Stuxnet Was First Aimed at Five Iranian Industrial Firms

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Security researchers have revealed five Iranian organizations which they say were the primary targets of the infamous Stuxnet campaign, including one described as the “patient zero” of the 2010 global epidemic.

The updates from Symantec and Kaspersky Lab come after the publication of a new book, Countdown to Zero Day, which is said to include new information about the notorious malware attack on Iran’s nuclear program.

They claim for the first time that Stuxnet’s 2009 and 2010 variants were initially targeted at five firms — contractors at the Natanz plant involved mainly in industrial automation. This would seem to indicate that its final target was indeed a uranium enrichment facility at Natanz.

The researchers were able to work out the identities of the initial targets of the 2009 and 2010 Stuxnet versions because of a quirk of the worm, as Kaspersky Lab explained:

“When infecting a new computer, Stuxnet saves information about the infected system's name, Windows domain and IP address. This information is stored in the worm's internal log and is augmented with new data when the next victim is infected. As a result, information on the path travelled by the worm can be found inside Stuxnet samples and used to establish from which computer the infection began to spread.”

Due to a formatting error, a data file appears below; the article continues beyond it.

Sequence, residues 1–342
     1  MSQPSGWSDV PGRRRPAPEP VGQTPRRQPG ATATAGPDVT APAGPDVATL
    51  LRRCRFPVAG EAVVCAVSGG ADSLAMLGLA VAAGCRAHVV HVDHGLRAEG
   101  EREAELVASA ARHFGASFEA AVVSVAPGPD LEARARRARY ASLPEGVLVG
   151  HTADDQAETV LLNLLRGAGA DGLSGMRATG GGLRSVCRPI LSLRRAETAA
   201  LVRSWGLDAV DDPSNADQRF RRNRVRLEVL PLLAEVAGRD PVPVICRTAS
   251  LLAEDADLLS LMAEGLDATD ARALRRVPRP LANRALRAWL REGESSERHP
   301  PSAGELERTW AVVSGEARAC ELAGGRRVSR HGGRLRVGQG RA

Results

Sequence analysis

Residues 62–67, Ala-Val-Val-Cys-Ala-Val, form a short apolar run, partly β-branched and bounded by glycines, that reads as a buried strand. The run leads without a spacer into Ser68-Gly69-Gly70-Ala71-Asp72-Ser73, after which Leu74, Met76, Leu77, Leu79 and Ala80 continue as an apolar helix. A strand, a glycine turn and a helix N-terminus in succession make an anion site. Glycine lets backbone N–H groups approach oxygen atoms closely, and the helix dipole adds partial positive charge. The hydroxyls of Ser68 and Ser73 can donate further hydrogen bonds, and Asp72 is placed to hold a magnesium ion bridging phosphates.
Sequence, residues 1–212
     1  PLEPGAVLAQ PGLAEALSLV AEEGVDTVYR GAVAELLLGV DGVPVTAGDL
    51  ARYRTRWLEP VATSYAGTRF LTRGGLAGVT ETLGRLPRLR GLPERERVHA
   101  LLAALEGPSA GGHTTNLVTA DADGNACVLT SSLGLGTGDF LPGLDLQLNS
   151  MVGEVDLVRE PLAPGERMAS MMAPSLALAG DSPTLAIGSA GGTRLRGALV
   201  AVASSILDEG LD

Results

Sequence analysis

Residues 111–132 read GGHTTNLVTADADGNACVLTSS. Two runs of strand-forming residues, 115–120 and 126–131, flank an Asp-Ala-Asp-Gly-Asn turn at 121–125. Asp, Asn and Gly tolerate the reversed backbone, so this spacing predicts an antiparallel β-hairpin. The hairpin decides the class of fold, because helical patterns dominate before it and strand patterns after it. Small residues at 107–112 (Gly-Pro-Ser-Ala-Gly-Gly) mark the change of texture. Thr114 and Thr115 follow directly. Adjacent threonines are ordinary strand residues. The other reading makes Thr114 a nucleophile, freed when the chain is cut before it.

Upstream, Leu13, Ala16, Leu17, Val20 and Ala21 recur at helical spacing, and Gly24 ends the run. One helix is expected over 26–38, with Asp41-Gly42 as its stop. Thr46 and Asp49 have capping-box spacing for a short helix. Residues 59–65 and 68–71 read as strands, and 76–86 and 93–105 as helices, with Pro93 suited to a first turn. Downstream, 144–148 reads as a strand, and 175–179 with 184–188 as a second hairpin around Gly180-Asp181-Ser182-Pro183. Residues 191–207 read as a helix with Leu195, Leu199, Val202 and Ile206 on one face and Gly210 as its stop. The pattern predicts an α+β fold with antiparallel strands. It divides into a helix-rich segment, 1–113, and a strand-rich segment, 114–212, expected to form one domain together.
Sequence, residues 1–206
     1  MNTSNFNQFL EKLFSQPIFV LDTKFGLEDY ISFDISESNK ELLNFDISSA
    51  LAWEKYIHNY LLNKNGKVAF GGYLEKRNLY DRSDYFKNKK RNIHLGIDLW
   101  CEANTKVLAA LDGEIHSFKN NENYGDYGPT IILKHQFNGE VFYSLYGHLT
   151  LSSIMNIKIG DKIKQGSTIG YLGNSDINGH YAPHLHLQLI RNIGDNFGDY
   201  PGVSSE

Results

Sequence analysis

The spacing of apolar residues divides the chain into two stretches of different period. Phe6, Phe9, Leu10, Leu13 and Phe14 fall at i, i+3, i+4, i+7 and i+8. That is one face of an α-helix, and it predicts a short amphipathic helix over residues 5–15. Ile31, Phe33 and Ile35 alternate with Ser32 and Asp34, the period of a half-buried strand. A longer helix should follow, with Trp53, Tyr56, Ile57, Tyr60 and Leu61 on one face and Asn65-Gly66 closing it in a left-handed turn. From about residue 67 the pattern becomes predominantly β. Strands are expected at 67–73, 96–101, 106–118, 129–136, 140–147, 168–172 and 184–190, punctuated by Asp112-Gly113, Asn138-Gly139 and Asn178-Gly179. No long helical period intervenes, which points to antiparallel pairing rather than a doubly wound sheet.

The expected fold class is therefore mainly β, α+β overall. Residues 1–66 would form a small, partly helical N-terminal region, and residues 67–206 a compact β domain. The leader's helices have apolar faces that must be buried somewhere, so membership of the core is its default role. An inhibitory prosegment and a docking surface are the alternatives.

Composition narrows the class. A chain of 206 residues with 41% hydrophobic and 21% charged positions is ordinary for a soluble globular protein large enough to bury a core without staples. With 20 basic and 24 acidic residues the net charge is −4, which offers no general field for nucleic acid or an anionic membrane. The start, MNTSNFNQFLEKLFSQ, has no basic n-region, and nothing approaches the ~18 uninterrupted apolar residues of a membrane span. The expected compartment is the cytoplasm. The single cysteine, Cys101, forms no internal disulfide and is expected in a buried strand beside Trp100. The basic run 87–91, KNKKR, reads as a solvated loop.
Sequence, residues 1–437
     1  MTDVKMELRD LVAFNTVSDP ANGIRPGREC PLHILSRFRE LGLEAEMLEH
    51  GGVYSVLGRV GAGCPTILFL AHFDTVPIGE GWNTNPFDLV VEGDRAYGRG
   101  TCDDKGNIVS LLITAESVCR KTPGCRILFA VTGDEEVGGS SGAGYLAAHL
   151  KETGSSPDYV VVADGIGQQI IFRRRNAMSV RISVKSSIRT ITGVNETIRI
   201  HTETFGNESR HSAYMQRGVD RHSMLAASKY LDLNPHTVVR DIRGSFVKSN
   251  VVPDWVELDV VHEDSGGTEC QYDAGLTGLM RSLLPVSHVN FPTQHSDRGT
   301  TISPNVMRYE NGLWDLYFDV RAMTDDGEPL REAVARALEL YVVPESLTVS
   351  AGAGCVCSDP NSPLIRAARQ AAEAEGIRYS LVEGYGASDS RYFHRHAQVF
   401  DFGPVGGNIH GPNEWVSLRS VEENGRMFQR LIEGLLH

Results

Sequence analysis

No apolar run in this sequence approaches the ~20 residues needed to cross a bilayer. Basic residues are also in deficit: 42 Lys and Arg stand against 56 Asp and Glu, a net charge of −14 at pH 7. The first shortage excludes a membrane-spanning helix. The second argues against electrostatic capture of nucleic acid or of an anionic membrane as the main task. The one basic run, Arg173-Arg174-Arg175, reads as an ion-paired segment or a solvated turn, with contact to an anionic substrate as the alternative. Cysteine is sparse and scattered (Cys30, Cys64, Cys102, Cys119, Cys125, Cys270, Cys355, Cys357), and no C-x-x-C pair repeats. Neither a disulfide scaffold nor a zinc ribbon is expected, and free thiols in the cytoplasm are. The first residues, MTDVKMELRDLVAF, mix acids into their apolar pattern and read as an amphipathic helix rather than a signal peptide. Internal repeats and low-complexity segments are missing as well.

The five Iranian organizations in question were industrial automation systems manufacturer Foolad Technic Engineering; SCADA/PLC firm Behpajooh; Neda Industrial Group; Control-Gostar Jahed Company; and Kala Electric — which is said to manufacture Iran’s uranium enrichment centrifuges.

From June 2009 to May 2010, three organizations were targeted once, one was targeted twice, and another was targeted three times. They suffered 12,000 infections over the period from 3,280 Stuxnet samples, according to Symantec.

Kaspersky Lab said it was an attack on Behpajooh in March 2010 that led to Stuxnet “leaking” into the wild after it infected other organizations in Iran and then elsewhere around the world — ultimately leading to its public discovery.

It is thought that, due to a programming error, Stuxnet managed to spread from Behpajooh to the corporate network of Iran’s largest steelmaker, the Mobarakeh Steel Company.

“Stuxnet infecting the industrial complex, which is clearly connected to dozens of other enterprises in Iran and uses an enormous number of computers in its production facilities, caused a chain reaction, resulting in the worm spreading across thousands of systems in two or three months,” Kaspersky Lab wrote.

“For example, the analysis of logs shows that by July 2010 this branch of the infection reached computers in Russian and Belarusian companies.”

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